Toriaz

Drama
Raina Telgemeier

Reviewed by: Toriaz
Category: Graphic Novel
Date Read: 27 September 2020
Pages: 233
Published: 2012

It's Banned Books Week in the U.S., so I thought I'd start the week with a banned book. Drama first made it to the U.S. Office for Intellectual Freedom Top 10 Most Challenged Books list in 2014 and seems to have remained there ever since. In 2016 it made it to second place, but it's been dropping down the list a little each year, only coming in at eighth place in 2019. It looks to be targeted to Middle Grade readers: at least, it's set in a Middle Grade school. It's centred on Callie, a Grade 7 student who loves the theatre and who is the stage designer for the school's annual musical production. The rest of the characters are Grade 7 and Grade 8 students who are also involved in the musical. I think that would make them around 13-14 years old.

Some reasons given for the challenges against the book include, “its LGBTQIA+ content and for concerns that it goes against “family values/morals”; “challenged because it includes LGBT characters, was deemed sexually explicit, and was considered to have an offensive political viewpoint” and that it was “sexually explicit”. According to Wikipedia, it's been banned from a number of schools in Texas.

Drama does have a few chaste kisses in it, but I don't think I'd classify it as “sexually explicit”, even for a middle school audience. Two of the kisses are heterosexual couples, the other is a kiss between two males, but in context, it is a stage kiss between two characters who are meant to be a male/female couple, but the female lead was not available for the performance and a male took her place on stage at the last minute. I presume it is this kiss that gets the “sexually explicit” tag. The book does have LGBT characters, and these characters are accepted for who they are in the story, so I guess that may be one of the main problems for people who challenged this book.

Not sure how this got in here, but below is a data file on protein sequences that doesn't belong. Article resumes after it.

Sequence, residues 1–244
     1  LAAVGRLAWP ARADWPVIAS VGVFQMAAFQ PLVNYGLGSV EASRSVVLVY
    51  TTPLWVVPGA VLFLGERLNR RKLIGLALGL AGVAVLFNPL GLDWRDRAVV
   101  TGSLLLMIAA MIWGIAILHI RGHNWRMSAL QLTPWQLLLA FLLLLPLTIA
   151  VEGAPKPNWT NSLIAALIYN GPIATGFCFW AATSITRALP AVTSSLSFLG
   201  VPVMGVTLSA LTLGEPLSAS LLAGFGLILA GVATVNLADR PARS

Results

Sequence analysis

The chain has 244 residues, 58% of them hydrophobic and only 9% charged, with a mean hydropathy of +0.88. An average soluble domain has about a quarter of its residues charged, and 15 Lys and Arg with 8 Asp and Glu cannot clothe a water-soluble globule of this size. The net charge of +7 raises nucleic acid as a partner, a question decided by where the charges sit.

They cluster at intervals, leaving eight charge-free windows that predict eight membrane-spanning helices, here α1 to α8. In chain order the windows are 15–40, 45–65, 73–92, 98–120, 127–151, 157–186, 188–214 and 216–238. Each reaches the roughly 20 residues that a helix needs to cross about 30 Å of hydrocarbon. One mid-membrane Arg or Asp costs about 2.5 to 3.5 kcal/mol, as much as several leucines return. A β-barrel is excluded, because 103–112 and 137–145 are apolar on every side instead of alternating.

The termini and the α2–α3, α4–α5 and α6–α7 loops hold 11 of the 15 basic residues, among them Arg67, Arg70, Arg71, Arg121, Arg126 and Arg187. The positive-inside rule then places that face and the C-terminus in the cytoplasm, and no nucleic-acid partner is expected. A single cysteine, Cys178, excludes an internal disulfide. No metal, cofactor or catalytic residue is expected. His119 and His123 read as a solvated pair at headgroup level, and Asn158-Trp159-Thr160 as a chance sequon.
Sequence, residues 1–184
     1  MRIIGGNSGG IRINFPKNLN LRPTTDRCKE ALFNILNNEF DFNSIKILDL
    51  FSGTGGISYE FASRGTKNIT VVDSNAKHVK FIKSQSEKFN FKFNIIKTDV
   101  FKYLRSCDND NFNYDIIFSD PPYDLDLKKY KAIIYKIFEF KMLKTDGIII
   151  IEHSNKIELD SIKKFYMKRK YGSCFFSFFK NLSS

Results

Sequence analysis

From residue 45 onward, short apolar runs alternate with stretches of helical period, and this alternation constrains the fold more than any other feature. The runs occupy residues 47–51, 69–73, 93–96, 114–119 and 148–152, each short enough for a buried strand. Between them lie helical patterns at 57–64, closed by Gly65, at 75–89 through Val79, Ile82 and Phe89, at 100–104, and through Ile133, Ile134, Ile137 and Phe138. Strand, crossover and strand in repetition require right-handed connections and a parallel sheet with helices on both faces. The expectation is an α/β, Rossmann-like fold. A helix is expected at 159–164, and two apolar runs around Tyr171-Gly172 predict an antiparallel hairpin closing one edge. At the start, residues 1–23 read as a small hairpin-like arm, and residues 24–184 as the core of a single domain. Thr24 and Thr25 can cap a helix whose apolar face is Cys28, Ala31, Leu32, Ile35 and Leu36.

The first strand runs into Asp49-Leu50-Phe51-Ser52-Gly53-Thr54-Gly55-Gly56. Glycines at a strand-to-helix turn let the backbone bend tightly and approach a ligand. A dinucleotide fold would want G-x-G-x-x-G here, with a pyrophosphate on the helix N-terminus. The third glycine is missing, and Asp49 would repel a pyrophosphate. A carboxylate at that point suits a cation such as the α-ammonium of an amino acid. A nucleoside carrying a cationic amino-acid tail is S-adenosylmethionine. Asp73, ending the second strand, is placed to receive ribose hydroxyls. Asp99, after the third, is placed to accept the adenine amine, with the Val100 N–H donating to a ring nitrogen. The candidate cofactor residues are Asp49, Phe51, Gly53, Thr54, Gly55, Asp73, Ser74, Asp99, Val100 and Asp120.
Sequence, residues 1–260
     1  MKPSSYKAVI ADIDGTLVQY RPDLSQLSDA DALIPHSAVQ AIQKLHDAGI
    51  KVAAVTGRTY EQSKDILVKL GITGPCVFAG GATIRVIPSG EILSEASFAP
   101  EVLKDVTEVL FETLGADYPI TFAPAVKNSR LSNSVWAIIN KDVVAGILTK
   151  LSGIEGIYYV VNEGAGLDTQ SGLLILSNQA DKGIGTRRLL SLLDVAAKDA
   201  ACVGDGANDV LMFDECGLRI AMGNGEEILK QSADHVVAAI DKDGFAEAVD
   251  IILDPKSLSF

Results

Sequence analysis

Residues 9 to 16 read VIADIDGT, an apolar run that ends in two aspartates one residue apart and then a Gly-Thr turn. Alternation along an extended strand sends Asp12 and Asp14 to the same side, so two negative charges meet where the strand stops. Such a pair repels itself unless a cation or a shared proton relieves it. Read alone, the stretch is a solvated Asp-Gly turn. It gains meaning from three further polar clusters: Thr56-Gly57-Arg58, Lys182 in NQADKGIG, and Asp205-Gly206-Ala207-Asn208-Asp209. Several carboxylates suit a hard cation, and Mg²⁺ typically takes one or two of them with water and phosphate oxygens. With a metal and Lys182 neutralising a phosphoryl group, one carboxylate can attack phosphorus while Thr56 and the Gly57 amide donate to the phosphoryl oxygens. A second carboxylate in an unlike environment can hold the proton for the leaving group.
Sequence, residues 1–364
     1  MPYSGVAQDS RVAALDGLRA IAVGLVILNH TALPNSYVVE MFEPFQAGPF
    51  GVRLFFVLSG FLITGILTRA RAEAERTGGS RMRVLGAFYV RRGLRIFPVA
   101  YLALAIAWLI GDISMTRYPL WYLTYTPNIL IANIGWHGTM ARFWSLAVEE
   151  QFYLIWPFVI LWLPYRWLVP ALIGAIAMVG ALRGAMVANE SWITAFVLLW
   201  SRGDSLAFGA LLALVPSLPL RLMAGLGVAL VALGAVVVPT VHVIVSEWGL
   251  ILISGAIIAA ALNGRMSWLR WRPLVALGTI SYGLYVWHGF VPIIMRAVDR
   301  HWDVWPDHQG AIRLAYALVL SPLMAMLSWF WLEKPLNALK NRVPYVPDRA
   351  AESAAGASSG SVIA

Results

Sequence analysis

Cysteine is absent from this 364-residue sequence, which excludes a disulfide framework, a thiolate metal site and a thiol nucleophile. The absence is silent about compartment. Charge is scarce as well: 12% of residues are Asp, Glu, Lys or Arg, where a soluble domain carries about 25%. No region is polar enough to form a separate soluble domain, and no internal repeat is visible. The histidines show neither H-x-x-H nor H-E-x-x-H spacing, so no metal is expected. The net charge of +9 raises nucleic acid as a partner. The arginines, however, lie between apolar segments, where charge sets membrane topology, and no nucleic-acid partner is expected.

To me, the book contained a sweet story, and the romance level in it seemed appropriate for the ages of the characters. Various characters had crushes on other characters, there was some dating and some breaking up and there are a couple of kisses. That's about as far as it goes. I don't think there's anything in it that would be inappropriate for the target audience. But I'm well aware that people who have no problem at all with asking pre-schoolers if they have a girl/boy-friend yet, or who they plan to marry, can get upset if there is the slightest hint of homosexuality depicted in a book.

If I was planning on challenging this book, it would only be for what seemed to me to be the unrealistic theatre production standards. Do middle school productions really have the budget and production standards that this school appears to have? But really, I can just accept that they do and move on with the story. It's simple but engaging: the kids are staging a musical and our main characters want it to be perfect. The story mainly centres around the stage crew kids, but we get to meet some of the actors as well. Callie has highly ambitious plans for her set, including an onstage cannon explosion – she initially wanted two but had to restrict herself to just one – and is determined to pull it off. She also seems to have a number of crushes, starting with a baseball player (older brother to one of her stage crew friends and a real jerk) then moving on to two brothers in turn. One (one of the actors) comes out as gay to her early on, and she transfers her affections to his twin (equally talented at singing but who is too shy to audition and joins the stage crew). He also comes out as gay later on, so really, she doesn't have a lot of success with guys. But she does have success with her set design and manages to pull off her ambitious designs. There are some problems with the staging of the show, these create part of the drama for the story, but the kids manage to cope with them all and pull off a great show.

The graphics in this book are fun and make effective use of colour, such as the changes shown below as Callie waits for a boy to return her text:

Overall, this was a fun read. Nothing challenging or unusual about it, just a light hearted, enjoyable story about the angst of unrequited crushes and about good times with friends working on a project they love.

Raina Telgemeier

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Author of Drama and a number of other webcomics and graphic novels